The Rohingya crisis is thorny because of the recent shift in the regional or even global geopolitics over the recent decades, he observed calling on the governments to stop supporting the inhumane policies of Myanmar at the expense of their values and soft power.
Terming the Rohingya issue a very serious one, the Foreign Minister laid emphasis on further analysing economic, social and security impacts and subsequent consequences due to the Rohingya crisis.
Foreign Minister Dr Momen briefed diplomats stationed in Dhaka recently and thanked the international community for their support. He hoped the international community would continue to play a constructive role in resolving the Rohingya crisis which lies in their safe, sustainable and dignified return to Myanmar.
No hide-and-seek over Bhashan Char
Bangladesh government will take all the interested foreigners, including diplomats, to Bhashan Char Island in Noakhali to see the situation on the ground once the work is completed there.
“We’re very open. We’re not in any hide-and-seek. Let’s finish the work first,” said Foreign Minister Dr AK Abdul Momen.
He said this is “not correct” that the government is not allowing visiting UN Special Rapporteur on the situation of human rights in Myanmar Yanghee Lee to go to the island where the government has planned to shift Rohingyas. Foreigners will be visiting the island once the work is completed there.
Lee, who arrived here on January 19, visited Cox’s Bazar to see for herself the Rohingya situation there amid Myanmar’s continued denial to her access to Rakhine State.
“It’s not the responsibility of Bangladesh alone to send them back and resolve their problems. But it’s a responsibility of all people and all the countries in the world,” said Minister Momen.
Asked whether he is frustrated due to delay in commencing the repatriation, he said the process is slow but he never gets frustrated.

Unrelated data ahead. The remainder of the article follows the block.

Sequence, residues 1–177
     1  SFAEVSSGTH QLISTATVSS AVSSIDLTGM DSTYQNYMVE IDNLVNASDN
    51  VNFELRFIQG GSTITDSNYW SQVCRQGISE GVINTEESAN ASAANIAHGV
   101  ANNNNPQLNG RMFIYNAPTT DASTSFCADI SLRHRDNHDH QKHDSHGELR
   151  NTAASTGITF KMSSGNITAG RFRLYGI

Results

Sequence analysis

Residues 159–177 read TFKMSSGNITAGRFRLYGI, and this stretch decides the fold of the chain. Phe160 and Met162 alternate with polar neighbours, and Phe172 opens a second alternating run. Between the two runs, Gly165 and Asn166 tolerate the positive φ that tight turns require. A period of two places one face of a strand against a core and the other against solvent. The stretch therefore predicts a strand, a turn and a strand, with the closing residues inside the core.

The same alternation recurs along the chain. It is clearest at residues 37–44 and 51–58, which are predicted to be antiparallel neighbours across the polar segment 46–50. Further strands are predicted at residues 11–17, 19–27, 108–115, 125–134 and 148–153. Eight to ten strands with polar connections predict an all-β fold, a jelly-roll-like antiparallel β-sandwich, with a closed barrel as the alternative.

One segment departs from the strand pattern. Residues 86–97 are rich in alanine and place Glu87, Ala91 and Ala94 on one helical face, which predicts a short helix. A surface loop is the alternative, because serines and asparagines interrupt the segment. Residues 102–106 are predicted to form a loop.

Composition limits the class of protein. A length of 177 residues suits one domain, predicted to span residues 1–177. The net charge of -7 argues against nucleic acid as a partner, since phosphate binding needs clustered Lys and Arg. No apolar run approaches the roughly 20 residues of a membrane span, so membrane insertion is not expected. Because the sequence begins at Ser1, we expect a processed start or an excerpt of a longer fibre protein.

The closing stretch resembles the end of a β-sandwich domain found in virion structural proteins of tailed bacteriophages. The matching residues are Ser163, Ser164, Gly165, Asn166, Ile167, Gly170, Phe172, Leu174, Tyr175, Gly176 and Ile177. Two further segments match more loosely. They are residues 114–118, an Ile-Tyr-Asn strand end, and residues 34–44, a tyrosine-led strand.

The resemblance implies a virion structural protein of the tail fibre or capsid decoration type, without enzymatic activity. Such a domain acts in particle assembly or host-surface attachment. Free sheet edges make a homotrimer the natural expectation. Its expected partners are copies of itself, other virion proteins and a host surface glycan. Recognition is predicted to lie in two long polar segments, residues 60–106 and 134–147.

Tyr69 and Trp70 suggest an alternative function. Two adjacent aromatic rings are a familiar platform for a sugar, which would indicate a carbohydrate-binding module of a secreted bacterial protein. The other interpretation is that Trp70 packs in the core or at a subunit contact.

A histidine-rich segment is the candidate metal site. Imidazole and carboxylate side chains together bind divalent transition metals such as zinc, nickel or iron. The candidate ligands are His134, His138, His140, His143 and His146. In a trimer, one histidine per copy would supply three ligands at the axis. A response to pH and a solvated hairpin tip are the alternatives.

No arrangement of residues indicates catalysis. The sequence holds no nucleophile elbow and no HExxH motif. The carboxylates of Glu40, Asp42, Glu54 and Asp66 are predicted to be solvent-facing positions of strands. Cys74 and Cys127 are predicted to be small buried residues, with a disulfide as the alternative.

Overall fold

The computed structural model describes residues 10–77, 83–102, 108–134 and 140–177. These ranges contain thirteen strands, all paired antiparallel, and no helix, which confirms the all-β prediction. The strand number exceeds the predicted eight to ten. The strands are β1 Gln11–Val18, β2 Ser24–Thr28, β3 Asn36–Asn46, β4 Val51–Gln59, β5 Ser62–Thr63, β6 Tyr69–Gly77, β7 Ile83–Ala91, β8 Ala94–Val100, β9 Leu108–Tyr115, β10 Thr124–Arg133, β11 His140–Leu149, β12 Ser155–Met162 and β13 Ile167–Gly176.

“I’m optimistic. I believe there is a solution to every crisis. You need to have patience. There’re some tasks which are not just like turning on and off of an electric switch,” Dr Momen said adding they are thinking afresh how to find a solution.
Talking to reporters, UN expert Lee said it was a fruitful meeting and hoped that her office will collaborate and work together with the office of the Foreign Minister of Bangladesh to help address the Rohibgya crisis.
Lee, who earlier said incidents in Rakhine State bear the “hallmarks of genocide” and called for accountability in the strongest terms, also wanted to visit the island of Bhashan Char in Noakhali.
Lee will present her findings and recommendations at the 40th session of the Human Rights Council in March 2019.
The Myanmar government has maintained its decision to cease cooperation with the Special Rapporteur, and refused her entry into Myanmar.
“I still seek to engage with the Myanmar government and I remain committed to my mandate to monitor the situation of human rights in Myanmar. I’ll continue to meet with people from Myanmar and speak out about human rights issues that occur around the country,” said Lee in a statement announcing her Thailand and Bangladesh visits.
UNHCR to help find lasting solution
Newly-appointed UNHCR Representative in Bangladesh Steven Corliss has said he will devote his full efforts to support Bangladesh in protecting and finding a lasting solution to the Rohingya crisis and addressing the important impacts on the host communities in Cox’s Bazar.
“I look forward to building upon UNHCR’s historical relations with Bangladesh and becoming a trusted partner in the challenging humanitarian response for Rohingya refugees from Myanmar,” he said.
“Life in the settlements is difficult. From my initial encounters, I’m convinced that the Rohingya who came in 2017 want to return home, but they do not see that possibility yet,” Corliss mentioned during his meeting with Bangladesh Foreign Minister.
From the outset, UNHCR and the government of Bangladesh have committed to working toward solutions for Rohingya refugees, including their voluntary repatriation in a safe, dignified and sustainable manner. In this connection, both sides signed a Memorandum of Understanding relating to voluntary returns of Rohingya refugees in April 2018.